Spanish Painting from El Greco to Picasso

Written by:
Arthur Lazere
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Spanish Painting from El Greco to Picasso: Time, Truth, and History

The Solomon R. Guggenheim Museum, New York City

Right: Pablo Picasso (1881–1973)

Portrait of Marie-Th�rese Walter with a Garland, 1937

Oil and pencil on canvas, 61 x 46 cm

Private collection

Picasso © Estate of Pablo Picasso/Artist Rights Society (ARS), New York; Photo by Beatrice Hatala

While I’m a great admirer of Frank Lloyd Wright, I’ve never been a great fan of his Guggenheim Museum as a space to look at art. Nor have I always been enthusiastic about that institution’s programming which so often seems to default automatically to the puffed-up blockbuster.

So when the great Wright way muscled up its current exhibition: “Spanish Painting From El Greco to Picasso”, my first thought was: “uh-oh, Heeere’s Spain!" – and up the spiral we trudge to the sound of faintly playing flamenco guitars.

I was wrong. The show’s curator, Carmen Gimenez has avoided the standard blockbuster formula of presenting a gauntlet of masterpieces reverently arrayed by period. Instead, she manages to appeal with apparent modesty, despite the impressive docket of geniuses on hand. She does this by organizing the exhibition’s 135 paintings into fifteen thematic groupings. It doesn’t really matter what these groupings are, but the organizing principle provides an excuse to see a rich variety of paintings from different periods juxtaposed to one another. In one memorable example, three small portrait heads are exhibited together; the first by El Greco, the second by Picasso, and the last by Velasquez. The juxtaposition results in the consideration of these artists from different periods as compatriots. They become unstuck in time; aligned as peers rather than as representatives of their respective eras, becoming champions of their discipline, and creating the illusion of a contemporaneous Spanish painters’ "super-group". It allows one to see El Greco, Velasquez, Goya and Picasso, all playing inspired solos on stage together at once.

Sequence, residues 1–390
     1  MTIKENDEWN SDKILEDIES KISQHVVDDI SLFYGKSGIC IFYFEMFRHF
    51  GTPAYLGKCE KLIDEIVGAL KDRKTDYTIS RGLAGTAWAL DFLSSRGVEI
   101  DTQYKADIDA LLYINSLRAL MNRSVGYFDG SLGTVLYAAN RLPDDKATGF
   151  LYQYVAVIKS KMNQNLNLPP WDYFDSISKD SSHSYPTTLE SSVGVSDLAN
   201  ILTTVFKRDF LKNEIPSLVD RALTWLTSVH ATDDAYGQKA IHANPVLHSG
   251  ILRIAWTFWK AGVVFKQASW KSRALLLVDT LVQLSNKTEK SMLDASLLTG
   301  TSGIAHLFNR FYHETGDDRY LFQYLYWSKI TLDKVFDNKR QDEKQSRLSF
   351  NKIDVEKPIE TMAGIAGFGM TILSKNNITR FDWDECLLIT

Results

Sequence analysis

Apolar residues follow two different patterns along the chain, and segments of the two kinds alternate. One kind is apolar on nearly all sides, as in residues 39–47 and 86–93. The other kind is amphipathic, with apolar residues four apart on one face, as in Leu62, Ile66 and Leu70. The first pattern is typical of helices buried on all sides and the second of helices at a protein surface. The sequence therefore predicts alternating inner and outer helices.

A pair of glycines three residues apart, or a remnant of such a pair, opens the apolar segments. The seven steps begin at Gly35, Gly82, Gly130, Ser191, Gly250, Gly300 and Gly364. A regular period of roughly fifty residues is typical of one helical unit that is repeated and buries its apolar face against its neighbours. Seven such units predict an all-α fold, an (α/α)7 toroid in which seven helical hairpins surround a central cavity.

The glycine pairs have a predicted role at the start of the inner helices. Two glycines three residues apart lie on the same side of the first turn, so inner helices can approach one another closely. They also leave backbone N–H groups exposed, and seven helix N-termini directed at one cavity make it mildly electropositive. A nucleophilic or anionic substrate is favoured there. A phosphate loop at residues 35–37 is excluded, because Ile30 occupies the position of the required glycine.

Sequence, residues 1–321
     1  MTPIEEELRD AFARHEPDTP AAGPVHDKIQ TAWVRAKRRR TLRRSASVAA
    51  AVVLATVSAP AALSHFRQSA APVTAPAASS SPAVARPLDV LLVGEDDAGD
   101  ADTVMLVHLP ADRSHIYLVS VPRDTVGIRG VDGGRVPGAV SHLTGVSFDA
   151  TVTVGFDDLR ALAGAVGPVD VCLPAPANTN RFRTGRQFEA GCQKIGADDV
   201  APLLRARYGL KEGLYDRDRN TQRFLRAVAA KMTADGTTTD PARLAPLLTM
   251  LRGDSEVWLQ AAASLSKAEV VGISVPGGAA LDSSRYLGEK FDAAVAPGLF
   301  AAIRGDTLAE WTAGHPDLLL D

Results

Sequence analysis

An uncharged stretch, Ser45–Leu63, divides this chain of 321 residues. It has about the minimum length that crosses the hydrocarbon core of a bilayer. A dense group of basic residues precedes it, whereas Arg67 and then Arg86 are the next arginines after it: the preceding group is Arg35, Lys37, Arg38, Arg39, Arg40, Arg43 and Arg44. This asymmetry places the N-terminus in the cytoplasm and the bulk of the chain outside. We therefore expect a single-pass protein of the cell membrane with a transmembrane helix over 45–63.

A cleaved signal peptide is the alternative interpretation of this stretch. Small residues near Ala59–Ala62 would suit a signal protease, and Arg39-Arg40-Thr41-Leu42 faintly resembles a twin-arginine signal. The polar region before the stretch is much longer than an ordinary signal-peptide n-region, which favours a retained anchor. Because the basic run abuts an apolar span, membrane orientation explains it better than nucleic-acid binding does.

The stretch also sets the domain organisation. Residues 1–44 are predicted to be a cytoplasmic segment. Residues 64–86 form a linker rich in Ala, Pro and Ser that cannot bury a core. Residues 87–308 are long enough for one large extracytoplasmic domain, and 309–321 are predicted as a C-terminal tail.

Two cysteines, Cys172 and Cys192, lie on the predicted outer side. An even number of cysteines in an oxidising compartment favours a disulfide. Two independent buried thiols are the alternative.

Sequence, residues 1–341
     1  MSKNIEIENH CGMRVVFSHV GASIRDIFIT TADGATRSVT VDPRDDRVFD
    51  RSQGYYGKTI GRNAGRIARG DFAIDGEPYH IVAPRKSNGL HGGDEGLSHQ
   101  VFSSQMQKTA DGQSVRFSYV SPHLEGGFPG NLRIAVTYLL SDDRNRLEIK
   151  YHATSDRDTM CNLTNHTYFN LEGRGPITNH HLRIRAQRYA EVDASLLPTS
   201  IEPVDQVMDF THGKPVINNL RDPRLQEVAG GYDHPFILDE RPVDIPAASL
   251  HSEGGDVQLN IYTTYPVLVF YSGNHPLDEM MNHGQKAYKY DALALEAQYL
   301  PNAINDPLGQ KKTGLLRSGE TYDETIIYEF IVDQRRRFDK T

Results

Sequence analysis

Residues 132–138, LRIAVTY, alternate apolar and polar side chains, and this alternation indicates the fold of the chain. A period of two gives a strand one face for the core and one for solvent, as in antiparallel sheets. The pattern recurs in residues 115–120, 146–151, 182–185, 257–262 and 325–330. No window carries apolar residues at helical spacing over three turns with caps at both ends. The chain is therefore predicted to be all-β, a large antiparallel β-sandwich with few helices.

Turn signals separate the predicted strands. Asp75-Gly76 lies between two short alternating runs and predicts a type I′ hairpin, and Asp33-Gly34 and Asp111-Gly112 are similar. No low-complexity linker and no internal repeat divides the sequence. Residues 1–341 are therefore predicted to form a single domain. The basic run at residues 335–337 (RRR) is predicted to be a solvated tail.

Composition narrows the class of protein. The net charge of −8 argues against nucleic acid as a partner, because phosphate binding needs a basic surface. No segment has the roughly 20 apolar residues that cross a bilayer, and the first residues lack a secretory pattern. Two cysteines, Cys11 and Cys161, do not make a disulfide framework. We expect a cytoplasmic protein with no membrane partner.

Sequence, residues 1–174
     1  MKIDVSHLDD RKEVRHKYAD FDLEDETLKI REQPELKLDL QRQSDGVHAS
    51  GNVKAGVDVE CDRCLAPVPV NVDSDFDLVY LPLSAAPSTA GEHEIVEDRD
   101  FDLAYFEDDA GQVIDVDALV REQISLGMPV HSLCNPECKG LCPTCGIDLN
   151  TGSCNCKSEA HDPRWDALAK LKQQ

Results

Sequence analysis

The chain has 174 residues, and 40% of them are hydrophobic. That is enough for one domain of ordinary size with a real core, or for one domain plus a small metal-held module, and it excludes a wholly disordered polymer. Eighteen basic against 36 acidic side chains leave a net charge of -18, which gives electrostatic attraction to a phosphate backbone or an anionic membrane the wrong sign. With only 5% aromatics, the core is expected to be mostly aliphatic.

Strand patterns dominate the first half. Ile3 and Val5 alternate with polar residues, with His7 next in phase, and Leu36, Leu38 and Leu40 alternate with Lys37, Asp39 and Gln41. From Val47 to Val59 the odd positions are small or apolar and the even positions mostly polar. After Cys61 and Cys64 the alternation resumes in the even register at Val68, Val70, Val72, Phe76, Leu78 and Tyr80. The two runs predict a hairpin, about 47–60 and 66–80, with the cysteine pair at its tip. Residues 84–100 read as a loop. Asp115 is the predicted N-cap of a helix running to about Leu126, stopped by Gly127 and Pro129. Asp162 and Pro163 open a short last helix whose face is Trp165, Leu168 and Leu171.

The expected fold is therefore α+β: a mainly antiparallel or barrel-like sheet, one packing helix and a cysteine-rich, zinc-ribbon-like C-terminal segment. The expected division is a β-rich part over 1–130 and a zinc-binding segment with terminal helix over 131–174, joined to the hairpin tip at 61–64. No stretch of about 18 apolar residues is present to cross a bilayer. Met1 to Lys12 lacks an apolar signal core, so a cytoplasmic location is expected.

This curatorial re-mix is given depth by the number and quality of the examples shown. It allows for cross readings and comparisons normally unavailable to viewers of chronologically arranged exhibitions. I couldn’t help feeling as if one could compare the artists’ passions by comparing their works.

El Greco revels in the noble, modest fragility of his sitter’s inner, spiritual lives. Despite being the farthest away from us in time, he retains a remarkably contemporaneous tone, an uncertainty that rings familiar.

Velasquez prefers the beautiful surfaces of common, if staggeringly beautiful people. His royal commissions never have the same passionate strength of his portraits of commoners.

Goya just likes people; common, un-common, beautiful, ugly, introspective, or superficial, he just can’t stop making pictures of them – in spite of, or perhaps because of their foibles. Clever and fast on his feet, he’s a fox in the henhouse of Spanish art.

Picasso, the youngest, revels in, well, reveling. He has some of the same energy and wit as Goya, but he’s more hermetic, spending time and energy in the studio, instead of getting out and about. He has a great time playing with his cultural patrimony, while never straying very far away from it. But in the end, his energetic innovations seem a shade self-conscious and self-serving in this company.

There are a number of other deeply satisfying works here.

Francisco de Zurbarán’s dark monk contemplating a skull he holds as if it were a chalice into which all human vanity might be poured.

Even Salvatore Dali shows what he was capable of when he not only uncorks the showbiz surrealism of his imagination, but also the cogent rigor of his intellect and the surety of his craft.

There are other artists as well, many who were unknown to me. But each seems considered, contributing to the occasionally revelatory quality of the viewing – transforming that vertiginous trudge up the Guggenheim’s ramp into a pleasant, thoughtful stroll surrounded by charm, intelligence, passion, and humor.


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